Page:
the funny thing is, I only learned proper punctuation and grammar (hope it's right)! In secretarial school!
and that is the truth!
they had great books that really cleared it up for me.
don't know what happened to those books--lost in the several centuries since I went there.
oh well. we muddle on!
I did great in English class, in both High School and college. However, you have to forget what you learned in either class because half of it was garbage if you plan on writing a novel.

true, really.
If you write with grammar and its rules controlling your writing it comes out so weird!
i've sometimes nearly fallen out of the chair laughing when I've put the grammar check on and see a suggestion for a certain sentence! it's a riot!
Like how aliens would sound if they tried writing a novel!
so true Deirdre!
Got 12 started and in various stages...
Life gets in the way quite often. I have to stop my roll, when I go back, its like I'm blocked or something. So I start a new one.

I'm going to finish one eventually if it kills me.

You have been a big inspiration. I remember when you started this one "by the seat of your pants," instead of planning.

I think I'm going to do a little more of "seat of the pants" writing - its more fun. Lately, my husband and teens have been leaving me alone for a few hours at a time. I usually use it for cleaning but I'm thinking maybe I'll use it for writing instead.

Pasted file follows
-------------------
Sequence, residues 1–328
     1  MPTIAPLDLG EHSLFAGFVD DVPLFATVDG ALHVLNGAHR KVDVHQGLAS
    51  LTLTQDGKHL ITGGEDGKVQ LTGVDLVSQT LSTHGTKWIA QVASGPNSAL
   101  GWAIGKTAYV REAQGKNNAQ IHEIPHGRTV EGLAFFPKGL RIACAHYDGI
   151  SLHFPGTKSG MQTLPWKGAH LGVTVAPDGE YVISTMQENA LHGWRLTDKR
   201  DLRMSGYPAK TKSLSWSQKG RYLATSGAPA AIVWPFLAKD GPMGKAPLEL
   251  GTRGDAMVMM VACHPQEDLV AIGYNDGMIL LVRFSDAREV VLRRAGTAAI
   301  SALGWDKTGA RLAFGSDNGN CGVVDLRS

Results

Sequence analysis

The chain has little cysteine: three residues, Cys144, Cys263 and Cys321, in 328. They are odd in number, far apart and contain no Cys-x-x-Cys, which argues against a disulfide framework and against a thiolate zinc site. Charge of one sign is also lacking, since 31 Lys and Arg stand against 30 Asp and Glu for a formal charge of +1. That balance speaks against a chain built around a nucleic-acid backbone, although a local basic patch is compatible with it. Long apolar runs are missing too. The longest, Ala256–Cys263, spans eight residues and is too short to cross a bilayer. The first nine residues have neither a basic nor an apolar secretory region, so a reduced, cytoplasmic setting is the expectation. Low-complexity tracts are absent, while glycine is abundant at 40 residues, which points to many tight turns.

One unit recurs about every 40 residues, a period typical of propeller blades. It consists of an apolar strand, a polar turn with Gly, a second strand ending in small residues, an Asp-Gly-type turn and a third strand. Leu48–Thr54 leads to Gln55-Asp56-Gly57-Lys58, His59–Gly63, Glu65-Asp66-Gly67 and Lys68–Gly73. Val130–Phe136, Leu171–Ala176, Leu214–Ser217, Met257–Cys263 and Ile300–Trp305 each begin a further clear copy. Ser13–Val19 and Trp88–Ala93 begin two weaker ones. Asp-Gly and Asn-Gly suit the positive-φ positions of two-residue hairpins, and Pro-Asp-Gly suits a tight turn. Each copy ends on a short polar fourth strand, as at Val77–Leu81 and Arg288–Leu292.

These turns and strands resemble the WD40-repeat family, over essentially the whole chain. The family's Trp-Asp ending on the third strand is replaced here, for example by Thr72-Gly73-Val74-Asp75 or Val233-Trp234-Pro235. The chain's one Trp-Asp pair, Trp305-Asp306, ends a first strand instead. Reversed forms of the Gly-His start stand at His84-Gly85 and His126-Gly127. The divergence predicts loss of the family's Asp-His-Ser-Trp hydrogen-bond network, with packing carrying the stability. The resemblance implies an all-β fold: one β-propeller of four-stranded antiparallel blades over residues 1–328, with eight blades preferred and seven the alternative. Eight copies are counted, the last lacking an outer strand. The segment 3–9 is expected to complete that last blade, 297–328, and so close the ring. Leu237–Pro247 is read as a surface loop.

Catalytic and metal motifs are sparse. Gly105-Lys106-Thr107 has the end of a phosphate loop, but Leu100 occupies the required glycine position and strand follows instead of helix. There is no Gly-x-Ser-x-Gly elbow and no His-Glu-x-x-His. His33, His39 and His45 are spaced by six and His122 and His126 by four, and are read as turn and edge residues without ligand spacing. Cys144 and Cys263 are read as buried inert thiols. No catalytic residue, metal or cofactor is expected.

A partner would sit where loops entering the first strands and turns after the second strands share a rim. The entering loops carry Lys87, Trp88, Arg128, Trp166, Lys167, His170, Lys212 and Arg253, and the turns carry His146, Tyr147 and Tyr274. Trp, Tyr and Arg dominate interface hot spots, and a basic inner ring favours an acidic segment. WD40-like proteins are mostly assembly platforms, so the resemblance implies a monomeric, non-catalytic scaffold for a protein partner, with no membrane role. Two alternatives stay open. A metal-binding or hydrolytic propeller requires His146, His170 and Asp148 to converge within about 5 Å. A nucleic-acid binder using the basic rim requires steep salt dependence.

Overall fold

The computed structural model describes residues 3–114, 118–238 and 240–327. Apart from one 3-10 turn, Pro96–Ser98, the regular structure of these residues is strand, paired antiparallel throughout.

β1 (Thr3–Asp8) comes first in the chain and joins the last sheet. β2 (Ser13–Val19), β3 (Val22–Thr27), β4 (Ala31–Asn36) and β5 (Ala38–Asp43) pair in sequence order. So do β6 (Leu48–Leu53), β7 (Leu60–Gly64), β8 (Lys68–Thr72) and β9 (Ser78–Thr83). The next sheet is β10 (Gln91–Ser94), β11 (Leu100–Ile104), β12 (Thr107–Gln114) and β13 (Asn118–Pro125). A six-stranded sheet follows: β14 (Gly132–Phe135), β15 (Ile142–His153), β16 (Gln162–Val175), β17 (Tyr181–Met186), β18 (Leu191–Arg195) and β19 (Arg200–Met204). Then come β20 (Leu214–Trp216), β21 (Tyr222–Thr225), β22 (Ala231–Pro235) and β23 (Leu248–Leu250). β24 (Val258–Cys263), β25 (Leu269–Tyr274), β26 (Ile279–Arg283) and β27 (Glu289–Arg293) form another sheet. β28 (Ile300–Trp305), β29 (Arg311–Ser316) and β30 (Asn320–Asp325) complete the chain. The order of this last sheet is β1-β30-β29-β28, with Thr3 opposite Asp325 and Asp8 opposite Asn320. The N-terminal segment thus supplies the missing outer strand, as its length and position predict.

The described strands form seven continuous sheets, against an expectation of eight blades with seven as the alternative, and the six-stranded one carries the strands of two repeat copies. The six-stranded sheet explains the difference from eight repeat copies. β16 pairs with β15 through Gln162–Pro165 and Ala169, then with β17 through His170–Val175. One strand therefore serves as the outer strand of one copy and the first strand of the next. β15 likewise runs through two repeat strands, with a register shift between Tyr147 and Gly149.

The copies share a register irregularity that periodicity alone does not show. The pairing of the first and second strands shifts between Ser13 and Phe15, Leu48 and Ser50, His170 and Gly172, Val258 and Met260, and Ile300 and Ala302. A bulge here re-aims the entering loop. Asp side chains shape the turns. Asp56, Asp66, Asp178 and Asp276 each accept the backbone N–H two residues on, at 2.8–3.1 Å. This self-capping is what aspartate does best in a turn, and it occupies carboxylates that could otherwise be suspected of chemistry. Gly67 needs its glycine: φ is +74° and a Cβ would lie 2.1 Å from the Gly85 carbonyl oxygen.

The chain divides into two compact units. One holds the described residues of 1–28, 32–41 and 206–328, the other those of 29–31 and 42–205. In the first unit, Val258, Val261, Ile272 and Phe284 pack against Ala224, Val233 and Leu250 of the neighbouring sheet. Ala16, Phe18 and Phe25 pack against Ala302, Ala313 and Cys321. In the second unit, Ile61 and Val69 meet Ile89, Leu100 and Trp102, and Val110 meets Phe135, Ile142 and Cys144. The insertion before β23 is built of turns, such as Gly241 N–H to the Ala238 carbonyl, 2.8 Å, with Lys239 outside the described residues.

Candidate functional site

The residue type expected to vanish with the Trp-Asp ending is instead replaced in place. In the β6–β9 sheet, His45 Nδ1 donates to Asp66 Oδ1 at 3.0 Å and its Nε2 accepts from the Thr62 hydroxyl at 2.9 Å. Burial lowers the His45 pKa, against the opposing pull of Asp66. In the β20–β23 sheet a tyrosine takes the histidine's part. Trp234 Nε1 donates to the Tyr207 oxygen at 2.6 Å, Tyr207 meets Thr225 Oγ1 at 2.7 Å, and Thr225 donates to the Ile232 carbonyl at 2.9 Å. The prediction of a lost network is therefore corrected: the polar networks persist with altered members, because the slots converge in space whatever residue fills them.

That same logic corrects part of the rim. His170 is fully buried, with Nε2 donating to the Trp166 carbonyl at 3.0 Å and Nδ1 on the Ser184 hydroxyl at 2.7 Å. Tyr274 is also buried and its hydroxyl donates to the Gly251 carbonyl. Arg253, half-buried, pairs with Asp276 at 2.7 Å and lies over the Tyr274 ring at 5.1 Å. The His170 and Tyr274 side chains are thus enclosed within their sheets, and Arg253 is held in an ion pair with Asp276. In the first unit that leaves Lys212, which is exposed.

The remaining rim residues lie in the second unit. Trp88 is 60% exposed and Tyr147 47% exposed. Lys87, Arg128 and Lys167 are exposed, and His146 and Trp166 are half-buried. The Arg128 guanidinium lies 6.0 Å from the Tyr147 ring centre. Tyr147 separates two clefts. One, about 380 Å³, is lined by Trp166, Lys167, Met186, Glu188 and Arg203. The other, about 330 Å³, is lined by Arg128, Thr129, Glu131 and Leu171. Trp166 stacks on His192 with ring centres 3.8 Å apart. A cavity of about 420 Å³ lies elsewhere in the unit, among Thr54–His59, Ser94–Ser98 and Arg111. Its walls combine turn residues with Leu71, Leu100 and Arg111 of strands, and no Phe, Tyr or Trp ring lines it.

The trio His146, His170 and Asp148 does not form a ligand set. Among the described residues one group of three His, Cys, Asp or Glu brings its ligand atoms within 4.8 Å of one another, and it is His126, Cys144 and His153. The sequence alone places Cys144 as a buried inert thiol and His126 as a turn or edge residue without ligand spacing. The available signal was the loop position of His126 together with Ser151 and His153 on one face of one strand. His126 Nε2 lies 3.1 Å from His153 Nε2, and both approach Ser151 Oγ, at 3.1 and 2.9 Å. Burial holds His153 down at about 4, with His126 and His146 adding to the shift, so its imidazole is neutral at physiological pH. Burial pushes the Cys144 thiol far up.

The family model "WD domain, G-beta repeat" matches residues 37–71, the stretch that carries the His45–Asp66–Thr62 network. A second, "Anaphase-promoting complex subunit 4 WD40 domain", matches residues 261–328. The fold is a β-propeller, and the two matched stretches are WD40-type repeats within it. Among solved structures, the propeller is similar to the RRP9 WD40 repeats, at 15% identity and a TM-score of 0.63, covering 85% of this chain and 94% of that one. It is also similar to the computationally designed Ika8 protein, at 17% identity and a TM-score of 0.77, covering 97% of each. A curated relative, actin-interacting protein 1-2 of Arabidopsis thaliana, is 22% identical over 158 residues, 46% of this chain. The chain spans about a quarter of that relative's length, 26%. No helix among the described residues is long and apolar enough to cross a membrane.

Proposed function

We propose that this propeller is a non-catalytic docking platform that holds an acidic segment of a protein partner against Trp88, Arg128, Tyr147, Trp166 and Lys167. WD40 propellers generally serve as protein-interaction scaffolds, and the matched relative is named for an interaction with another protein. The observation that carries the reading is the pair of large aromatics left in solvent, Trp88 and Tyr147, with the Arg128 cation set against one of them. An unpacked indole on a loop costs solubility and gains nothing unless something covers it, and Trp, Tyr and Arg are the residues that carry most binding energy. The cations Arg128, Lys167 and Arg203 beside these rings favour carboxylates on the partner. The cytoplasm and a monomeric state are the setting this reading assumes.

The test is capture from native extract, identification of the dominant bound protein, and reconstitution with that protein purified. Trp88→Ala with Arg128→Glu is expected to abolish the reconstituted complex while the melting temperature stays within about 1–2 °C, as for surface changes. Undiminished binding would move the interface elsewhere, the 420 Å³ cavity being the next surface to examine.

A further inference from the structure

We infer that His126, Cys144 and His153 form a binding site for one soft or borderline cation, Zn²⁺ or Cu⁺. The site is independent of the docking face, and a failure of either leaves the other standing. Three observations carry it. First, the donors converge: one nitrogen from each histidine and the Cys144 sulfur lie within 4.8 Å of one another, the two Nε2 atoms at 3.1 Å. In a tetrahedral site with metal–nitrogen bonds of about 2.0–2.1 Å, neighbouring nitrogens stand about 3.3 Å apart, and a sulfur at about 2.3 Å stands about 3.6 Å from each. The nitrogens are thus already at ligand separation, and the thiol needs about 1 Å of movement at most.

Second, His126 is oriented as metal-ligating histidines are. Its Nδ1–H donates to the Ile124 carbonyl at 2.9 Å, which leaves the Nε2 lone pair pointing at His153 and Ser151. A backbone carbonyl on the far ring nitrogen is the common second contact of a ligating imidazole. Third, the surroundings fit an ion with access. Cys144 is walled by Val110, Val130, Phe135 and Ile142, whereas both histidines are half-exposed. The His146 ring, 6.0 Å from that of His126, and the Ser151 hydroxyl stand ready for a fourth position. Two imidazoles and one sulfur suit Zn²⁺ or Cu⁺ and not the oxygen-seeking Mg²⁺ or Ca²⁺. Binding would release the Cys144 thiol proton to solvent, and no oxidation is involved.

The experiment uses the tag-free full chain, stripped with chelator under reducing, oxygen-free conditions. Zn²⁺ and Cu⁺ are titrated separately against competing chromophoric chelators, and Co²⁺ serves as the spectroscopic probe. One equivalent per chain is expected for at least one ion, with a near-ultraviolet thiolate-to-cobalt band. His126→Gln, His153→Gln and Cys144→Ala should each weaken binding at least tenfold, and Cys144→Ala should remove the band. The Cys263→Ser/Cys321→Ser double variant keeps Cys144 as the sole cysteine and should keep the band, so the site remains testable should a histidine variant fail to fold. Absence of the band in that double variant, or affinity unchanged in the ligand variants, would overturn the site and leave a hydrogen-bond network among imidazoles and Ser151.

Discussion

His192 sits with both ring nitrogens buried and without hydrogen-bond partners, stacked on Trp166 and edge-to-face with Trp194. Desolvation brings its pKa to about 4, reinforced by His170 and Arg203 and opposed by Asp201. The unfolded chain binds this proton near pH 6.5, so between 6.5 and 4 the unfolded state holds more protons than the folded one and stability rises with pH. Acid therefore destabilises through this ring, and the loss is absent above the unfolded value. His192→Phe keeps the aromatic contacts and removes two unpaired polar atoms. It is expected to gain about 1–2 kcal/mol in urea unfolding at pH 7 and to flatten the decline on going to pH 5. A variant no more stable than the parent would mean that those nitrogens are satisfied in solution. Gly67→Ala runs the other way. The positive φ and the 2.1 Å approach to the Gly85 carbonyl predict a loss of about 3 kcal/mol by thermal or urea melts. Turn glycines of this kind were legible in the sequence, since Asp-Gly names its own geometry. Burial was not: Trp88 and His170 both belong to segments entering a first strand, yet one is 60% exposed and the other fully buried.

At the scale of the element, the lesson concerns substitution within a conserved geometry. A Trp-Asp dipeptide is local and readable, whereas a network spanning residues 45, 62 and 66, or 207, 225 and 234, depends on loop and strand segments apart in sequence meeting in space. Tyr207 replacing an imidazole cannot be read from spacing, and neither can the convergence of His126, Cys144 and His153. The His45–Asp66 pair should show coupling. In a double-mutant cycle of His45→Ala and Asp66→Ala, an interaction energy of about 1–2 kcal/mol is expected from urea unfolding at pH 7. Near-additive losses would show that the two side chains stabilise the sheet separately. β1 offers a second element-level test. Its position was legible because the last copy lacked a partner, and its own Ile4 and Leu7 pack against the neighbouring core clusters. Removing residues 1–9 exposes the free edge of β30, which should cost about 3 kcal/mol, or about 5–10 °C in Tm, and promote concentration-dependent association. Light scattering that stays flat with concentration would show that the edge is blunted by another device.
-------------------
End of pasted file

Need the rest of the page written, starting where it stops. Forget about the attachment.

Have a great day.
you're so kind. thanks.
life gets in the way--but you know what, you'll find your own route!
it's true about the seat of the pants. it turned into the only thing I wrote that I really liked and that i'm working on now.
it IS more fun to write like that.
Ken Follet said something great about writing.
He said he thinks up two or three characters, puts them in a confined space and they give him a story. over simplified yes, but if you think of Eye of the Needle, you'll see what he means!
a paralyzed former RAF pilot, his love starved wife--and a ruthless but highy complex (and lonely) Nazi spy with information he wants to send to Hitler about D-Day! and where does it take place? on a tiny, outlying Scottish island--one of the most exciting novels I ever read!
anyhoo, let your writing be fun. always try something different, you never know where it could lead!
you have a great day too.
Husband is putting tiles up in the kitchen (my fav writing place. grrr will have to retreat upstairs)!!
DESCRIPTION AND SETTING by Ron Rozelle (part of Writer's Digest's Write Great Fiction series) is pretty good. It's the only book specifically about setting that I have, but I enjoyed. It talks about setting in regard to specific genres as well.

Amazon link is here.

Also, From Where I Dream, which I mentioned earlier, has a chapter called Cinema of the Mind, where Butler talks about how fiction writing is related to cinema. The examples he gives, especially from Charles Dickens, is a must read.
thanks John going to see about it. JUST ORDERED IT! the rozelle one. the other sounds excellent too, but the setting is what I need now.
I have to recommend Stephen King's "On Writing- A memoir of the craft"
it may not be a instructional manual, but it was very inspirational for me.